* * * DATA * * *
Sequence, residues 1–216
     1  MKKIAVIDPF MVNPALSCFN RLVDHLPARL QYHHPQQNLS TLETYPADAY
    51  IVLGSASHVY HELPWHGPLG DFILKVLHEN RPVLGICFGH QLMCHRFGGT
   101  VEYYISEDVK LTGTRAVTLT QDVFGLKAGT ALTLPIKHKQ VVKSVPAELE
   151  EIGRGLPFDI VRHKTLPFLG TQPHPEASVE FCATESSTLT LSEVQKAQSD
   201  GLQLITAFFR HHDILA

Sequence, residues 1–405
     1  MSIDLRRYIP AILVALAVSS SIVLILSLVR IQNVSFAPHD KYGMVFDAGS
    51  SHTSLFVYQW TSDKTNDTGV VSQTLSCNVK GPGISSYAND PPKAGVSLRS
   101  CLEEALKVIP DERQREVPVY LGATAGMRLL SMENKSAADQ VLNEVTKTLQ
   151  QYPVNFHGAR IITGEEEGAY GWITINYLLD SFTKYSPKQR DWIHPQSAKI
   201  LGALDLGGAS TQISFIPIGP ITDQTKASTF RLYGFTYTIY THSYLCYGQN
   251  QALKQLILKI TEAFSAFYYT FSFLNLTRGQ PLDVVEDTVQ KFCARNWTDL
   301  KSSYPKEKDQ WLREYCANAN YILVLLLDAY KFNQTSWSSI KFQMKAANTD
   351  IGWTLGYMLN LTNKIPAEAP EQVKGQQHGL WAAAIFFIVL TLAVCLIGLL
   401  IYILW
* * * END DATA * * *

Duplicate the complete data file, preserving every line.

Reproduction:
Sequence, residues 1–216
     1  MKKIAVIDPF MVNPALSCFN RLVDHLPARL QYHHPQQNLS TLETYPADAY
    51  IVLGSASHVY HELPWHGPLG DFILKVLHEN RPVLGICFGH QLMCHRFGGT
   101  VEYYISEDVK LTGTRAVTLT QDVFGLKAGT ALTLPIKHKQ VVKSVPAELE
   151  EIGRGLPFDI VRHKTLPFLG TQPHPEASVE FCATESSTLT LSEVQKAQSD
   201  GLQLITAFFR HHDILA

Sequence, residues 1–405
     1  MSIDLRRYIP AILVALAVSS SIVLILSLVR IQNVSFAPHD KYGMVFDAGS
    51  SHTSLFVYQW TSDKTNDTGV VSQTLSCNVK GPGISSYAND PPKAGVSLRS
   101  CLEEALKVIP DERQREVPVY LGATAGMRLL SMENKSAADQ VLNEVTKTLQ
   151  QYPVNFHGAR IITGEEEGAY GWITINYLLD SFTKYSPKQR DWIHPQSAKI
   201  LGALDLGGAS TQISFIPIGP ITDQTKASTF RLYGFTYTIY THSYLCYGQN
   251  QALKQLILKI TEAFSAFYYT FSFLNLTRGQ PLDVVEDTVQ KFCARNWTDL
   301  KSSYPKEKDQ WLREYCANAN YILVLLLDAY KFNQTSWSSI KFQMKAANTD
   351  IGWTLGYMLN LTNKIPAEAP EQVKGQQHGL WAAAIFFIVL TLAVCLIGLL
   401  IYILW